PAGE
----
Bernardo M. Villegas
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Rebalancing Strategy
published: Mar 31, 2017



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Why FDIs Remain Too Low

           It is my contention that the "Filipino First" policy enshrined in some provisions of the Philippine Constitution has conditioned the government bureaucracy to put so many unnecessary obstacles to the foreigners who want to invest in the Philippines.  This ultranationalistic mentality embedded in the culture of the Philippine Government explains to a great degree the many rules and regulations that are promulgated by various government agencies that make life very difficult for the foreign investors.  Let me cite one among dozens of other cases with which I am familiar.  I am referring to the international logistics industry which finds the Philippines a most attractive site for transhipment to the whole of Southeast Asia because of its very strategic geographical location in the very center of East Asia.  Unfortunately, companies like FEDEX and DHL, among others, are inhibited from expanding their operations in the Philippines because of a circular of the Department of Transport and Communication (DOTC) that only Philippine citizens may operate 'Private Express and/or Messenger Delivery Services' invoking the constitutional provision that restricts the operation of public utilities to Philippine citizens, or to corporations or associations organized under the laws of the Philippines at least 60% of which is owned by such citizens.

          The existence of such a provision in our Constitution leads to some of the most bizarre cases that baffle foreign investors.  For example, Cathay Pacific, a foreign carrier of passengers and goods, may fly from Hong Kong to Manila and from Manila to Cebu.  The limitation only is that Cathay Pacific may not pick up passengers or goods from Manila and transport them to Cebu.  This is purely domestic transport, in which Cathay Pacific would not be qualified to engage.  However, Cathay Pacific may fly Passenger A from Hong Kong to Cebu, via Manila.  To be sure, the carriage has a domestic portion--Manila to Cebu--but this is part of the international transportation of Passenger A. The reader can just imagine if this complication is applied to international logistics companies that deliver packages to different points of the Philippines.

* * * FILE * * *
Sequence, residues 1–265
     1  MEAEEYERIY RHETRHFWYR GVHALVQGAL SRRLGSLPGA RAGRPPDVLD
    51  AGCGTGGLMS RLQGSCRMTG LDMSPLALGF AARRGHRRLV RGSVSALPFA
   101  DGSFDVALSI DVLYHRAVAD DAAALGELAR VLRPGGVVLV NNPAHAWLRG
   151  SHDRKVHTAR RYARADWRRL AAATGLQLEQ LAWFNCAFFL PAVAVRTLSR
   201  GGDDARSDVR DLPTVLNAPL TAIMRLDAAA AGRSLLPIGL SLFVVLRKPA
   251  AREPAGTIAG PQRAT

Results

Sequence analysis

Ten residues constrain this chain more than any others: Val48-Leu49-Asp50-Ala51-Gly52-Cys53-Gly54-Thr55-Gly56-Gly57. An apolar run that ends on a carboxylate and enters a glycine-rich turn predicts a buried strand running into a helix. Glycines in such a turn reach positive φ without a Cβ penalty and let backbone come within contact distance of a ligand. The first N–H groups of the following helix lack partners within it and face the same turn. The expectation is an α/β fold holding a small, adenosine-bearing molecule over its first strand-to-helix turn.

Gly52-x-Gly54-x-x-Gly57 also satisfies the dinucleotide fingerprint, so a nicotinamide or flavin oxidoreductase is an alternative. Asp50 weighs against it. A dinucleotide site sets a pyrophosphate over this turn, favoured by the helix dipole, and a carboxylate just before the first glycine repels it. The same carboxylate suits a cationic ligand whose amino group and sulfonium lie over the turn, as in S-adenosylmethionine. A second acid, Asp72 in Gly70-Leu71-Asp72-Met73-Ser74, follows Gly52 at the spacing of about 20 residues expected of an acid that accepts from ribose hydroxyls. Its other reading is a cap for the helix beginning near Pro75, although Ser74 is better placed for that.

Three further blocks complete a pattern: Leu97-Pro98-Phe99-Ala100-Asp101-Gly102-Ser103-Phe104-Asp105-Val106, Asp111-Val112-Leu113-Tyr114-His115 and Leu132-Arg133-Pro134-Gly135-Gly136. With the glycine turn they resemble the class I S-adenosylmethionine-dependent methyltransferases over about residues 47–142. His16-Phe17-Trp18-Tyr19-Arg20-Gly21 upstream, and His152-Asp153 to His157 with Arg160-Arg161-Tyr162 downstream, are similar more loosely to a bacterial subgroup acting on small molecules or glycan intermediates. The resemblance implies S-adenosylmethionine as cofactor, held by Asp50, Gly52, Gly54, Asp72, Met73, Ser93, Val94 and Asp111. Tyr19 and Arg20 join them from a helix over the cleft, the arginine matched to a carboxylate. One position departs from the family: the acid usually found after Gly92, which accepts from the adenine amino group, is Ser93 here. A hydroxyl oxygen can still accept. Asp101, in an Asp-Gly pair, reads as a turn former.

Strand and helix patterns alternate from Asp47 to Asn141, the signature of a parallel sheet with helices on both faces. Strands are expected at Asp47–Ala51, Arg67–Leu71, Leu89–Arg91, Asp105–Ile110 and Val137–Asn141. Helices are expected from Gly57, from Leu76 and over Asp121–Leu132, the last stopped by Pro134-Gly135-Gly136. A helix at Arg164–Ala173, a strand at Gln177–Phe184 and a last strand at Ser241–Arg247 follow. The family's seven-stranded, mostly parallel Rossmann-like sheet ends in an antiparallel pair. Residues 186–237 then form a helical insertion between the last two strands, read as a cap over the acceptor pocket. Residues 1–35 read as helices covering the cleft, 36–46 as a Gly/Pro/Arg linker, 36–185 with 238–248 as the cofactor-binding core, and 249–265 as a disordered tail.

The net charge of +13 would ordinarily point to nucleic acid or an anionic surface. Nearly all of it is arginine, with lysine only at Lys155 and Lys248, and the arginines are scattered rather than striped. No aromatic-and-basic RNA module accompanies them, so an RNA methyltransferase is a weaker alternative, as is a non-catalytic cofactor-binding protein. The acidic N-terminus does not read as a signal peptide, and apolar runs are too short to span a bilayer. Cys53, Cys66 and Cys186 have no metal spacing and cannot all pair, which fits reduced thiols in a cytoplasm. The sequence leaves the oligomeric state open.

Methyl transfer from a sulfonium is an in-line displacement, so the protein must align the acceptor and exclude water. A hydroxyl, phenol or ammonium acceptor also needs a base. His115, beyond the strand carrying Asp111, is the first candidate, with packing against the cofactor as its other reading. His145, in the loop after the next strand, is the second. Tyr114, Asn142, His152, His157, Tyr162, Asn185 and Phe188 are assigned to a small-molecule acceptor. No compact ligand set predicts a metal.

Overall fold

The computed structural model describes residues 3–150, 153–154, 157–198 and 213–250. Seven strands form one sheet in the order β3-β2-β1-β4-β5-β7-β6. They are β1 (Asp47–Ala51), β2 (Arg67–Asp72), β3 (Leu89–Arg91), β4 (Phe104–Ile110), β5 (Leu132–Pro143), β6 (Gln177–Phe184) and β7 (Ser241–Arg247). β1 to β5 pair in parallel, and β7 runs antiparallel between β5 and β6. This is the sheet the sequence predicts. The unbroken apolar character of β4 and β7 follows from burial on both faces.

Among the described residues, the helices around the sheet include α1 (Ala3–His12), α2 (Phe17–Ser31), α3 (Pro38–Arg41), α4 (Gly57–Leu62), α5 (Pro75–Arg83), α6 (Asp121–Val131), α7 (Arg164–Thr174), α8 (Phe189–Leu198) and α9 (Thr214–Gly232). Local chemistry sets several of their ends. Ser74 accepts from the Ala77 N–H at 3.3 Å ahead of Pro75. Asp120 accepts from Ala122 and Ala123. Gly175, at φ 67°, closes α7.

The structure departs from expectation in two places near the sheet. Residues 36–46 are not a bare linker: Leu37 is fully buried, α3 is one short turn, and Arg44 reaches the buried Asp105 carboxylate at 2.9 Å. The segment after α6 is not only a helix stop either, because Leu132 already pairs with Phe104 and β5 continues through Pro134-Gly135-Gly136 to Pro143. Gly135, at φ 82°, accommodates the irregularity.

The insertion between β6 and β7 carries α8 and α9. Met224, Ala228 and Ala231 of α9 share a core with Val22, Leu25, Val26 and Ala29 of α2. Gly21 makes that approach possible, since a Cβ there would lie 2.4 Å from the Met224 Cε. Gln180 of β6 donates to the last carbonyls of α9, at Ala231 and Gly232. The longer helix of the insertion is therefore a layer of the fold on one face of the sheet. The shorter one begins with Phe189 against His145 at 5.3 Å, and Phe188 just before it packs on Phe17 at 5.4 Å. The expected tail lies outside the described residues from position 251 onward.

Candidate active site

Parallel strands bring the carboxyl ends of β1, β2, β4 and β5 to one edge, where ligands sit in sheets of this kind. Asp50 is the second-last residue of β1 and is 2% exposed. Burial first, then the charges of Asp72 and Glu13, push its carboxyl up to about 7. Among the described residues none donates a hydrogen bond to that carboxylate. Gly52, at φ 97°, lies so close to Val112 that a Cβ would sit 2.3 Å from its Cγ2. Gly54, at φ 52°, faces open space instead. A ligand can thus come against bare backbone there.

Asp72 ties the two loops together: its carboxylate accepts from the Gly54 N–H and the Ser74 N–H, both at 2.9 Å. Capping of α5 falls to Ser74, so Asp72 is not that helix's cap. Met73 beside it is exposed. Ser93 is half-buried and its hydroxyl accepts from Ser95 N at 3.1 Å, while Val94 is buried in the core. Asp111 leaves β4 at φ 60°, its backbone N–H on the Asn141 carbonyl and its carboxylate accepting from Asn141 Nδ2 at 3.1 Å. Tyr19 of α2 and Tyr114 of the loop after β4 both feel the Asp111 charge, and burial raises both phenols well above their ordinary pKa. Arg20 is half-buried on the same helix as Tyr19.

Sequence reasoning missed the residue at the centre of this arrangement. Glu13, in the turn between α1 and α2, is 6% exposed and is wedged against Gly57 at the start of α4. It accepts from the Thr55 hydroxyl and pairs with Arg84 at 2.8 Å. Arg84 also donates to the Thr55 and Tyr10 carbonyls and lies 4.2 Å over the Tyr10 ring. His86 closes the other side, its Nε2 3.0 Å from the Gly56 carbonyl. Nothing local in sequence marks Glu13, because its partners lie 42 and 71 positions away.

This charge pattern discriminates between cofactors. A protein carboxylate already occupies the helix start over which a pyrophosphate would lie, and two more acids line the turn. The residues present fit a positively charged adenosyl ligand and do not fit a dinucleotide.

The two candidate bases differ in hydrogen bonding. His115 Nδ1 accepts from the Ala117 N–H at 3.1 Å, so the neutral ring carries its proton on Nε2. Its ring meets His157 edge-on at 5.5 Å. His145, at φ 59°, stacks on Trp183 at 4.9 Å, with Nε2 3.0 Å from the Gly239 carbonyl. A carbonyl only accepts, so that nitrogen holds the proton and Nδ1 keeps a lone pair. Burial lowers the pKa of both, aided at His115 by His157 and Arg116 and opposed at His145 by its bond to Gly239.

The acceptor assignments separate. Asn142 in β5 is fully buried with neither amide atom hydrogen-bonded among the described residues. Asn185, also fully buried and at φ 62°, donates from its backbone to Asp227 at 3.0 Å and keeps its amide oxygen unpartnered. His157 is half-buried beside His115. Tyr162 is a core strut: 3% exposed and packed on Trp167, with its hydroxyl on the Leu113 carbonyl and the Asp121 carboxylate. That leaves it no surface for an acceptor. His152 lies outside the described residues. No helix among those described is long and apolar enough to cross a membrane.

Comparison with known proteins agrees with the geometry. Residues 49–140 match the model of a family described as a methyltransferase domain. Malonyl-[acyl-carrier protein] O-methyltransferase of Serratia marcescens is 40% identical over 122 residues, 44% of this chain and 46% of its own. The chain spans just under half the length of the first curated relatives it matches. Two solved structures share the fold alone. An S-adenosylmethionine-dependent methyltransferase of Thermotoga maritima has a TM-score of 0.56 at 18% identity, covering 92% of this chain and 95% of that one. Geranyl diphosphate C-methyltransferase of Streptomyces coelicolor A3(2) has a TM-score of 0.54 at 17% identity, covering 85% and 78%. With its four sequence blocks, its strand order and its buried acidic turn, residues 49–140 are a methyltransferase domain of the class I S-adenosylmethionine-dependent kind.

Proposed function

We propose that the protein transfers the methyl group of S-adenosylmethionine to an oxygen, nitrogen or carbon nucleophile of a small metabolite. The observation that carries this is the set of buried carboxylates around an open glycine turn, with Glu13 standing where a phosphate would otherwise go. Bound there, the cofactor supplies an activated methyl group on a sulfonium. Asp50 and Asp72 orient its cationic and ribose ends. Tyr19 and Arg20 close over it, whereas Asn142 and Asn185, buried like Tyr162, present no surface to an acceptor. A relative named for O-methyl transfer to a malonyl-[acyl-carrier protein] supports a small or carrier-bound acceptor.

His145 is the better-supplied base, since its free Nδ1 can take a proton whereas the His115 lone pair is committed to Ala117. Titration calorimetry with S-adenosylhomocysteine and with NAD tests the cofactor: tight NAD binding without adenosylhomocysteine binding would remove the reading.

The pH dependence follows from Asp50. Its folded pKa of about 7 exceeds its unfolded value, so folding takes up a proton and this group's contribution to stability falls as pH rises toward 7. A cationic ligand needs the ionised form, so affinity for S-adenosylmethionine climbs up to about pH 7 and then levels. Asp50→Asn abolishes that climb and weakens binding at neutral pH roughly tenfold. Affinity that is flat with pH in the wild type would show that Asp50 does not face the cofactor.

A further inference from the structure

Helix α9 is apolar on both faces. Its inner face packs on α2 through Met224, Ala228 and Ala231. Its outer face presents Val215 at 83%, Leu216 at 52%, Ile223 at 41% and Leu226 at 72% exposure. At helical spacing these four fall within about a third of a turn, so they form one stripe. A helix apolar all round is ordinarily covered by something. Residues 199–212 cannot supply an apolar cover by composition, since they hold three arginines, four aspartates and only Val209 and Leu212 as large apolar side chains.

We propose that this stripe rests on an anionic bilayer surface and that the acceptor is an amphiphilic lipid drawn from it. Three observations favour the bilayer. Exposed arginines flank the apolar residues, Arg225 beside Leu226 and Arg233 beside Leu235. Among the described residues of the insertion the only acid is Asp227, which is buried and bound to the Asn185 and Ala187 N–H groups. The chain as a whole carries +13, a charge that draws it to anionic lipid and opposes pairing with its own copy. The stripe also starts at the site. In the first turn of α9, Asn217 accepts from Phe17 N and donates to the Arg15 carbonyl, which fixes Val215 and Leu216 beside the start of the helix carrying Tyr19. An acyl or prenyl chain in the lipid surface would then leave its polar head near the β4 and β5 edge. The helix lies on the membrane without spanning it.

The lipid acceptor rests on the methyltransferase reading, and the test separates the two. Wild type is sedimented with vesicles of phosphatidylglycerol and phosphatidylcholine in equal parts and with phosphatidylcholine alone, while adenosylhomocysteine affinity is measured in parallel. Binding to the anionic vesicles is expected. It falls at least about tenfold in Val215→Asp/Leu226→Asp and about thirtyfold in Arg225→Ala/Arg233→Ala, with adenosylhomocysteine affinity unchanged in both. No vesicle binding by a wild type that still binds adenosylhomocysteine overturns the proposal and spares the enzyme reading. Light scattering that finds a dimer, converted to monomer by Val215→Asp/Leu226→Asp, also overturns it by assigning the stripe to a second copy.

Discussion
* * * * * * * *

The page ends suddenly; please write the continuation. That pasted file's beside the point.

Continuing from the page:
It would be ill advised to apply the DOTC circular to international express delivery companies.  It will restrict their ability to operate efficiently and will prevent them from increasing investment and productivity across the whole economy.  Express delivery services are meant to handle items on an expedited basis.  In addition to greater speed and reliability compared to ordinary services, express delivery services include value added elements such as collection from point of origin, personal delivery to addressee, tracing and tracking, maintaining control of items throughout the supply of the service by, for instance, offering the possibility of changing the destination and addressee in transit, and confirmation of receipt.

          The Circular would tend to restrict operation of international express delivery companies because they would be prevented from controlling every stage of a package's journey.  Even if the package weighing less than 20 kilograms is an international shipment, an international express delivery company is forced to contract and deal with a domestic agent to complete the delivery up to the package's final destination.  The good of the consumers (mostly Filipinos) require a seamless service, say from New York to Zamboanga.  Allowing international express delivery companies to fully provide their services, including the contiguous domestic leg of the international shipments, will enable the Philippines to enjoy the modern global transportation infrastructure which the international express delivery services industry provides.

          Even if it is true that foreign direct investments are already possible in 90 percent of Philippine business, as some of the members of the economic team of the President claim, I would like to point out that this 90 percent  still suffer from the many arbitrary rules and regulations coming from government agencies, both national and local, that result from the mentality that foreigners are here to take undue advantage of Filipinos and that Filipino investors are all angels that have nothing in mind except the common good. The Vietnamese, Indonesians, Thais and Indians are wiser.  They don't make such an unwarranted assumption, while maintaining that the State can protect the common good better than private enterprise in certain circumstances.   As a parting shot, let me be very blunt:  the Filipino First mentality has actually perpetuated the feudalistic nature of Philippine society because through the ultranationalistic polices, the Filipino elite have succeeded in capturing and monopolizing the strategic sectors of the economy.   

          There is no empirical evidence whatsoever that Filipino owners of business work more for the common good than foreign business people.  On the contrary, over the more than forty years I have been monitoring Philippine business, I have seen much more social responsibility in multinational corporations than many enterprises wholly owned by Filipinos, without denying that there are prominent cases of Filipino enterprises that were pioneers in practising Corporate Social Responsibility (CSR) as early as forty years ago.  For comments, my email address is bernardo.vilegas@uap.asia